Whenever I've tried to grill tofu (on a propane home grill), it falls apart and into the grill. Is there anything I can do beforehand to prevent the tofu from disintegrating, and get it to behave more like a hunk of meat?

  • In terms of tagging this vegan/vegetarian - meta.cooking.stackexchange.com/questions/21/…
    – rfusca
    Feb 16, 2012 at 20:48
  • @rfudca - Based on that question, and the tag wiki, I'm still a little unclear on the guidelines for tagging "vegetarian". This question occurred to me because of the contest, and because I want to have inclusive options for my veggie friends at the cookout. But, no big deal.
    – KatieK
    Feb 16, 2012 at 21:53
  • We just finished a big chat discussion about it, feel free to pop into chat.
    – rfusca
    Feb 16, 2012 at 22:04
  • 1
    basically, if the question is actually about veg*n - not just a food that is commonly used by them. Other groups use tofu as well. For example, we don't tag rice questions with 'asian cuisine'.
    – rfusca
    Feb 16, 2012 at 22:16

2 Answers 2


Standard tips for browning/frying/grilling tofu;

  • Ensure that you press the tofu sufficiently to remove its own moisture, marinate if desired
  • Lightly dust with flour
  • Brush oil on the grilling surface

The same advice applies for pan frying. I prefer to work at a high temperature, others have had very good results using only medium. Use a very thin, flat metal spatula to turn. Specific to the case of grilling, be mindful of the gap the tofu will stretch across on the grate; it may be crumbling because it isn't strong enough or thick enough to sustain wide gaps.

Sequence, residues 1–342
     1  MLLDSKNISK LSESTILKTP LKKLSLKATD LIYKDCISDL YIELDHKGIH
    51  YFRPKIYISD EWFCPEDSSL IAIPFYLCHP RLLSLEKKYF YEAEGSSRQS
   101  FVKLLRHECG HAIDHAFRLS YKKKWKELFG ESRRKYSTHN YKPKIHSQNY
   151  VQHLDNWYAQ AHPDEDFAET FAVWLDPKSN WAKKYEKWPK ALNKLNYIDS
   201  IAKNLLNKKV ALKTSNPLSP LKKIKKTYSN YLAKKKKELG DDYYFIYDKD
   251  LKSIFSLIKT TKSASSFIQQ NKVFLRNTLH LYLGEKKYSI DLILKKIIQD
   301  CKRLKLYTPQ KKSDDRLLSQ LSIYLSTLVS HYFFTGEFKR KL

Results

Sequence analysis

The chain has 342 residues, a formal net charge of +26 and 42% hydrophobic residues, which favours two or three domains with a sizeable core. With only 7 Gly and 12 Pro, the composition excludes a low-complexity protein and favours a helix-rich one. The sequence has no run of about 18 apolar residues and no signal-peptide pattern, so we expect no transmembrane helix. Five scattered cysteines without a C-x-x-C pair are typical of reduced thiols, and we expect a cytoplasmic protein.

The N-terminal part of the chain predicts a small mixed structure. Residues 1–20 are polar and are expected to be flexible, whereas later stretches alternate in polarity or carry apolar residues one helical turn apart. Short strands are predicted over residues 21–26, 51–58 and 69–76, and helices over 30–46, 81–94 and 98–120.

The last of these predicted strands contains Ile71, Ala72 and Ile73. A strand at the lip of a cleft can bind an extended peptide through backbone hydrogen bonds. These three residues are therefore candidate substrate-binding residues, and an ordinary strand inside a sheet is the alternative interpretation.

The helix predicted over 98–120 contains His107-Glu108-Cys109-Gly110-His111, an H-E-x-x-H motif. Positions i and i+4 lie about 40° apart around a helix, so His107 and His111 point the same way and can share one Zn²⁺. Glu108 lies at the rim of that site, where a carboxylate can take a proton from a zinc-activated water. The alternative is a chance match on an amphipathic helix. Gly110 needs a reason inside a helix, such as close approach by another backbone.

Additionally you can pre-bake the tofu to dry it out further. I have heard tell that salting lightly with finely ground sea salt helps prevent sticking but have no experience with this, and have had good results without the added sodium.

Typically the moisture in the surface of the bean curd is causing the sticking. Prevent or inhibit this and you should be good.

  • 1
    i'd also add that you should get the firmest tofu you can. some places sell smoked, pre-pressed stuff that is VERY firm, and that would hold up really well on a grill.
    – franko
    Feb 15, 2012 at 18:23
  • @franko and additionally you might try sprouted tofu as it has a nice ability to stay whole. Short of any specifics on the type of tofu (i.e. it is easy to get Nasoya, but not-so-much Cleveland tofu), and assuming you are using non-silken, the advice above should obtain in any case.
    – mfg
    Feb 15, 2012 at 18:29

Bamboo skewers are popular here in China for tofu and mushroom grilling: seems to be the scraping of the spatula that disintegrates the tofu when it's time for flipping.

No need for super-firm either. Basically it's a size issue: the moister and heavier the thinner the slice and more it is 'woven' onto skewers. Rule of thumb if you can handle the piece without destroying it, probably will work on the grill.

If the grill spaces are very wide and sticking is still a sticky issue, then try creating a rack of foil to balance the skewers on each end so that tofu grills horizontally in air.

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